Food Literacy for Every Child Requires More Training for Adults

By: Amber K. Stott, founding executive director of the nonprofit Food Literacy Center (Facebook, Twitter), inspires kids to eat their vegetables and grows her own groceries in Sacramento. She’s chair of the Sacramento Region Food System Collaborative and has been named a “Food Revolution Hero” by the Jamie Oliver Food Foundation. Food Literacy Center is a 501c3 nonprofit that teaches low-income elementary children cooking and nutrition to improve our health, community and environment.

Alice Waters, Amber Stott, Jamie Oliver and Ann Cooper
Alice Waters, Amber Stott, Jamie Oliver and Ann Cooper

Last week, celebrity chefs Jamie Oliver, Alice Waters and Ann Cooper gathered in Sacramento to visit a local food literacy class. Together, they used their public platform to call for an increase in nutrition and cooking programs for kids because the research is clear: kids need food literacy education. (More pictures here.)

According to experts in the Department of Nutritional Sciences at University of Texas, Austin, only six percent of American kids eat the recommended amounts of fruits and vegetables, and 40 percent of Sacramento-area kids are overweight. Consuming even a single helping of veggies each day can begin to improve the health for our kids.

We also know that kids are more likely to eat their veggies when they receive hands-on food literacy education. As the founder of Food Literacy Center, I see this first-hand.

Our nonprofit teaches low-income elementary students cooking and nutrition classes for free during after-school programs. I’ve met kids who have never seen broccoli or beets (yes, beets!)—and then become big fans once they take their first bite.

If we want to tackle the problem of childhood obesity, we need to increase our kids’ experiences with food literacy. Studies suggest that the optimum exposure to food literacy ranges from three months to 50 hours, yet nationwide elementary aged students receive an average of just 3.4 hours of nutrition education per year.

Who is responsible for providing this food literacy to kids? Is it the schools? Parents? Nonprofits? Researchers from the Tisch Center for Food, Education, and Policy called on schools to collaborate with nutrition programs run by nonprofits, health departments and other existing agencies. Teachers simply cannot bear this burden alone. According to a study from the National Center for Educational Statistics, one-fifth of elementary school teachers indicated that high-quality food literacy training would improve their ability to teach it.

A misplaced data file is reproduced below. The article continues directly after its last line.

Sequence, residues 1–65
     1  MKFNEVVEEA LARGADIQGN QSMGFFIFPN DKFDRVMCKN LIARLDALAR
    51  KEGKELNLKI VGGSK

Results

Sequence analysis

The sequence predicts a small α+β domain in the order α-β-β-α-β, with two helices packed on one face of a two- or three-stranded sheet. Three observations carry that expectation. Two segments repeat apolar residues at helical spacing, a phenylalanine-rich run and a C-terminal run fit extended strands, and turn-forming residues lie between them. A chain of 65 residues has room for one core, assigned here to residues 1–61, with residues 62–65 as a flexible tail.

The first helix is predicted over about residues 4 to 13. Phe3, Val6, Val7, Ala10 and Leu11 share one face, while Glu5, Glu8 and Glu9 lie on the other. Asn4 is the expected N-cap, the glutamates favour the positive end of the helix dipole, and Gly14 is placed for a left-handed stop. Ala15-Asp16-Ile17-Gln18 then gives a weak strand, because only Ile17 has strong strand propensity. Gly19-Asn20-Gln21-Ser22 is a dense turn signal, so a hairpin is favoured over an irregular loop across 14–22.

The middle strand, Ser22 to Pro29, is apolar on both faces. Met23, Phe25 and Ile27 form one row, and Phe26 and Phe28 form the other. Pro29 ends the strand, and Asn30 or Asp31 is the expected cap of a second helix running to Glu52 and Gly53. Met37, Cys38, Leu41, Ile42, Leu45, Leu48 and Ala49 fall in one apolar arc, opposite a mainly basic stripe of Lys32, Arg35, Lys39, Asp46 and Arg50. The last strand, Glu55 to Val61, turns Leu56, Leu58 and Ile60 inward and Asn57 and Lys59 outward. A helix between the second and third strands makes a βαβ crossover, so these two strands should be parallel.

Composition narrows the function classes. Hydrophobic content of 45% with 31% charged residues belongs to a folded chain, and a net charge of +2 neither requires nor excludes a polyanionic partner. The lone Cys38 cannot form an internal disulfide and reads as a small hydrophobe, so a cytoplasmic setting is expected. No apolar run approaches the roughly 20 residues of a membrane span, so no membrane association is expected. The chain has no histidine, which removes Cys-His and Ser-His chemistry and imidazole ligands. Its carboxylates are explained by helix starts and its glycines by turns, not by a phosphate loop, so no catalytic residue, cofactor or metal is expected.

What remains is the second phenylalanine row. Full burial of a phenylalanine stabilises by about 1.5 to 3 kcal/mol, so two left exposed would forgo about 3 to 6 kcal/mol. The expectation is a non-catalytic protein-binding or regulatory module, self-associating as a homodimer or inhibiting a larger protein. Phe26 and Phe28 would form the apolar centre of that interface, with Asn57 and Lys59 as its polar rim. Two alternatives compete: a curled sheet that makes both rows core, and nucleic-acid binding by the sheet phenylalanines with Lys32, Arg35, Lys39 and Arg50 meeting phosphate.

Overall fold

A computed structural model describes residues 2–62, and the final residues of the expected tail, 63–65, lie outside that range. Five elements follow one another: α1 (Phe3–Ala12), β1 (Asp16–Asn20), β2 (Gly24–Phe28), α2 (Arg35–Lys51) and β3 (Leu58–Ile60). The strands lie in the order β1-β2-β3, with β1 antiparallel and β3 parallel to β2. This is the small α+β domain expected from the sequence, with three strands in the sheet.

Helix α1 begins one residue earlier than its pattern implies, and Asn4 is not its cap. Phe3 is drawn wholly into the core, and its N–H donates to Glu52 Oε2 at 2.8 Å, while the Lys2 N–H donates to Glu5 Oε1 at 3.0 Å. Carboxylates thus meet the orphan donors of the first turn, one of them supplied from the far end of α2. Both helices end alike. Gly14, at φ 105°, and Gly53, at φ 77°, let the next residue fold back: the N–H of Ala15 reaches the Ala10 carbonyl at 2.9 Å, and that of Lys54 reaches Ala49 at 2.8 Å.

So if we really want to put a dent in the epidemic of childhood obesity, we need an army.

Chef Brenda Ruiz shows the kids how to plate the Locro de Papas - an Ecuadorian soup of potatoes and corn!
Chef Brenda Ruiz shows the kids how to plate the Locro de Papas – an Ecuadorian soup of potatoes and corn!

Food Literacy Center—and the visiting celebrity chefs—are working to build that army through a series of training programs.

Through the Food Literacy Center’s Food Literacy Academy, interested community members are intensively trained, attending 28-hours of classes on nutrition, entomology, food safety, food insecurity, obesity, and more. Once they complete the training, they deliver a lesson to one of our food literacy classes. Then they’re scored by a team of instructors. If they pass, they become a certified Food Literacy Genius, ready to deliver food literacy in the community.

When we first launched this innovative program in 2013, we were serving 120 kids per week in one school. We trained and certified 20 Food Literacy Geniuses in that first cohort. By the end of the summer, we had reached 2,400 kids.

That kind of overnight growth is needed to reach the numbers of schools waiting to receive food literacy classes around the country.

The celebrities who visited Sacramento last week have similar programs, placing a high value on peer education. The Jamie Oliver Food Foundation offers a culinary training program called Food Champions, where community members learn to teach cooking classes using Oliver’s unique approach to healthy recipes. Alice Waters has The Edible Schoolyard Academy, held each June, to train teachers and advocates to become educators in their communities. Meanwhile, Ann Cooper’s Chef Ann Foundation offers online toolkits for parents who want to lead grassroots efforts in their kids’ schools.

Want to get involved? Food Literacy Center’s Food Literacy Academy is now accepting applications. The deadline is Sunday, January 18 at midnight. You can find the application at foodliteracycenter.org.

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